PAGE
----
But there we were, sitting at the table by the window, talking like that was all we ever did. We talked about his Dad (who was the first person I remember dying), about his 98-year-old grandfather who had lost his driver’s license and was wondering how he’d get to the summer cottage now, about my kids, his kids, our old hood, my work, and his work as a bodyguard at the finest and most legendary hotel in Helsinki.
“Some of the celebrities are really nice,” he told me. “Like Springsteen, he’s been there a couple of times. He’s a good guy … except that he gave me a T-shirt that was way too small so I had to go back and give him some feedback,” Lare said with a laugh.
“So, no rökötys for him,” I said.
He coulda bin a contender. His words, not mine. Actually, that’s not true, they were my words because his words were, “Coulda been an A-list celebrity”, but the idea was the same. Had he got his break, the one he thought he had deserved, things would have been different. Very different.
The first time I saw him, I heard him first. I heard the sound of a skipping rope hitting the floor, but not the sound of his sneakers softly landing on the same floor. There was only a centimeter, at most, between his shoes and the wooden surface that had once been blue, and it was almost as if he’d just but now had black scuff marks from all the skipping and other training that took place in the small workout area.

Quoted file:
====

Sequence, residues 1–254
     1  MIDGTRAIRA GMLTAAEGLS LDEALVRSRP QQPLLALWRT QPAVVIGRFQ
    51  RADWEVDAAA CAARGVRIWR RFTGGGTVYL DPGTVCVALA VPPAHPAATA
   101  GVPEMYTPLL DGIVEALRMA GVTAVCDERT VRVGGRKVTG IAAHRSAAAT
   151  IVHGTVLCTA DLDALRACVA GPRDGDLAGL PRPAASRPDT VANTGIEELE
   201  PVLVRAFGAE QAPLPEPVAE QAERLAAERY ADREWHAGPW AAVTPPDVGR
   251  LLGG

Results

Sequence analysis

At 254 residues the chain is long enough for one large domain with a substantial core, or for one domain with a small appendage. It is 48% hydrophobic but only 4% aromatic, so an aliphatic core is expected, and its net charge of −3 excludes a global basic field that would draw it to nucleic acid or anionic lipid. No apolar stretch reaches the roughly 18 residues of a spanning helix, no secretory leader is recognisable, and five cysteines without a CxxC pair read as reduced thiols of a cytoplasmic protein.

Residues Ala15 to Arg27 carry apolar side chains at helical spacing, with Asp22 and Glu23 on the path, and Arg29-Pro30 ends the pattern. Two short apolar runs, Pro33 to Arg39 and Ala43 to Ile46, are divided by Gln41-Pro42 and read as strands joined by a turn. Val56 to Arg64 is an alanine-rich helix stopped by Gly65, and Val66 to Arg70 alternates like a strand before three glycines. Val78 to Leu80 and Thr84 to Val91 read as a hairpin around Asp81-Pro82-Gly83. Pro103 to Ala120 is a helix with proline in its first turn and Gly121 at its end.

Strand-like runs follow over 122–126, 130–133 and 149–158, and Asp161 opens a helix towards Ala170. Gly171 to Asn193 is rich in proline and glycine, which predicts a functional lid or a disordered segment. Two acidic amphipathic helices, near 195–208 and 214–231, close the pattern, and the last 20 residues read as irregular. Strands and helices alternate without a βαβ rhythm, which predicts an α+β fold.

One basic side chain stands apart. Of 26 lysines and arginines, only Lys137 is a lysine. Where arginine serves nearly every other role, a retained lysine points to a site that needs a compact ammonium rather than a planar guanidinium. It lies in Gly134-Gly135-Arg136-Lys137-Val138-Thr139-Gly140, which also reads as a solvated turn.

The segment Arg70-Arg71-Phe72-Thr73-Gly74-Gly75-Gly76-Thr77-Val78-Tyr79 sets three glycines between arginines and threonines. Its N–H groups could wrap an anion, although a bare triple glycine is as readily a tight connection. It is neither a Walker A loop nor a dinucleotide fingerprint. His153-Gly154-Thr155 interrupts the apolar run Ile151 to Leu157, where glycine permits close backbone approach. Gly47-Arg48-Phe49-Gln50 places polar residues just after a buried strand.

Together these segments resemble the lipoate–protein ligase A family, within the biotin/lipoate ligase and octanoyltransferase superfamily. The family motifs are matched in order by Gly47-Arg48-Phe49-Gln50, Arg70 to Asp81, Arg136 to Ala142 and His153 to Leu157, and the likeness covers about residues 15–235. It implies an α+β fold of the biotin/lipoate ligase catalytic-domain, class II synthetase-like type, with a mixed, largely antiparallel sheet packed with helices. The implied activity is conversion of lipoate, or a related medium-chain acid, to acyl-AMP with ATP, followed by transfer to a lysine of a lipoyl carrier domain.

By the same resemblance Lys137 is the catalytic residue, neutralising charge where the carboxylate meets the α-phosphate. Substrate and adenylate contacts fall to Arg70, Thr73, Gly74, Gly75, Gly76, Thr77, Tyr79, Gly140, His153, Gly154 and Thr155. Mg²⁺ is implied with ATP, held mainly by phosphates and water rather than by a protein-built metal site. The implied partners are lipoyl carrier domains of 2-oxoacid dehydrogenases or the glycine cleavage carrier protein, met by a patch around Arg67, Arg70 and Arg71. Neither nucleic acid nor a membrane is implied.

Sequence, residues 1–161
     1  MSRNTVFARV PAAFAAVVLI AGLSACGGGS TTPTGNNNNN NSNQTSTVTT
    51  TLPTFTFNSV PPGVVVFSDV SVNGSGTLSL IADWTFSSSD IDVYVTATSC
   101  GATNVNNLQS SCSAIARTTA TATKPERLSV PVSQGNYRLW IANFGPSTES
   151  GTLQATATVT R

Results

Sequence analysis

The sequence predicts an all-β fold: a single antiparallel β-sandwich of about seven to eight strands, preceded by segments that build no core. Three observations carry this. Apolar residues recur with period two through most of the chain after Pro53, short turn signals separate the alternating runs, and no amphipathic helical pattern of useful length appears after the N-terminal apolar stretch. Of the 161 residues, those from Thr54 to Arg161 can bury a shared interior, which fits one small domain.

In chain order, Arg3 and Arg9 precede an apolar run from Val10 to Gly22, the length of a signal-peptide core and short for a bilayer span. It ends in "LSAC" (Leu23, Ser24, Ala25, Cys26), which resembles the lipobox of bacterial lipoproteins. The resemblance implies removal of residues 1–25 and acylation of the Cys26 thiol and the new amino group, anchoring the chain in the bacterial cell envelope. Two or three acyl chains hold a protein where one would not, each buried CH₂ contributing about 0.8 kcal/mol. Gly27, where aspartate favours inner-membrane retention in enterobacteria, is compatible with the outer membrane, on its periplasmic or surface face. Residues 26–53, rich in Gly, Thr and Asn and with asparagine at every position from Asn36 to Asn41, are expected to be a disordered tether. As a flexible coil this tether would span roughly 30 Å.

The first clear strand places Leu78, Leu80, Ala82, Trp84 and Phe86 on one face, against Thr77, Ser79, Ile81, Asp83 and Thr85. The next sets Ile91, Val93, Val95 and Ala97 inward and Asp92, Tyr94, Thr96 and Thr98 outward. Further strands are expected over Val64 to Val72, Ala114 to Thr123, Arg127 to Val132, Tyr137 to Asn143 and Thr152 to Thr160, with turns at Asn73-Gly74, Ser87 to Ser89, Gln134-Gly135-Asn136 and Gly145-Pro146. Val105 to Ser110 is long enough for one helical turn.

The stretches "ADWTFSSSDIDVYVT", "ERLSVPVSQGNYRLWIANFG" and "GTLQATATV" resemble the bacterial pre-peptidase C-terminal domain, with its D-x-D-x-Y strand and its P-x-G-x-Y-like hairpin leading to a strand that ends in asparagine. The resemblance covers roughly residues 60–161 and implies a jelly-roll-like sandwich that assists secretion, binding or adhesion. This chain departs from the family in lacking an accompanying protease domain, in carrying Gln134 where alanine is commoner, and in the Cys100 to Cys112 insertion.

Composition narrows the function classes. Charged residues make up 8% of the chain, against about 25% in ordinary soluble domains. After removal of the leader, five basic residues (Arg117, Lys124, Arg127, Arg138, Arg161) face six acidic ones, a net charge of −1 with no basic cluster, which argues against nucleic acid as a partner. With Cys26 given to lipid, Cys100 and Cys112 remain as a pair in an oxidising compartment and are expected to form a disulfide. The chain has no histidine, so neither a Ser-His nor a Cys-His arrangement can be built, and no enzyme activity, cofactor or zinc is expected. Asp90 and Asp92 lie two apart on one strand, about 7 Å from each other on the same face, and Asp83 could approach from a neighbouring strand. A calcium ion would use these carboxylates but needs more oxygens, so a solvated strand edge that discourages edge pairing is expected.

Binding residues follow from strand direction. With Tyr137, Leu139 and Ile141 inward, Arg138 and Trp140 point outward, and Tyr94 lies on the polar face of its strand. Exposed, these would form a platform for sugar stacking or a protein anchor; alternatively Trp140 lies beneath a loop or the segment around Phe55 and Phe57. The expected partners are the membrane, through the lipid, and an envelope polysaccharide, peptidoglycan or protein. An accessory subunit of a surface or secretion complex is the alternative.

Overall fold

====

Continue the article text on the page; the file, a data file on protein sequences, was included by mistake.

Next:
Before we had latte – and that’s with any prefix, whether a tall or grande or venti or just cafe – before Central Perk was on TV, before Swedish coffeeshops had landed in Finland, long, long before Starbucks made it here, and before we even had coffee to go, we had the local gas station’s caféteria.
That’s where people got together, that’s where you heard the news, met your friends, hung out, and maybe had lunch, or even dinner. But at least a cup of coffee and a donut. One of the biggest Finnish comedy characters, Uuno Turhapuro, always hung out at a gas station, another major 1970s hit TV show, Tankki Täyteen (“Fill’ er up”), told the story of a quirky family that ran a gas station, and its cafeteria.
The local gas station was where everybody knew your name, even in a city like Helsinki.
Sweden is a country where “lunch” is not just a meal but a concept of time. Meetings are booked either “before lunch” (11am) or “after lunch” (1pm) – except on Christmas Eve, when everything is different. First, not many people book meetings on Christmas Eve. Second, people may skip lunch altogether and rely on a heavy breakfast to carry them through to the dinner feast.
At Christmastime, Swedes use another concept of time. It’s used only once a year, and it’s not an actual time, either, but it does dictate the movements of an entire nation.
It’s called “Kalle Anka.” You may know it as Donald Duck.
The first hockey camp I ever attended was a day camp in Helsinki. The kids would come in morning, have two practices on the ice, eat lunch, and go home and then return to the rink the next morning to do it all over again. For five days.
The camp was run by two Finnish league players that were Dad’s friends, and from Day 1, they both referred to me a “Pikku-Eikka”, Finnish for “Little Eikka”, in which Eikka is my Dad’s nickname.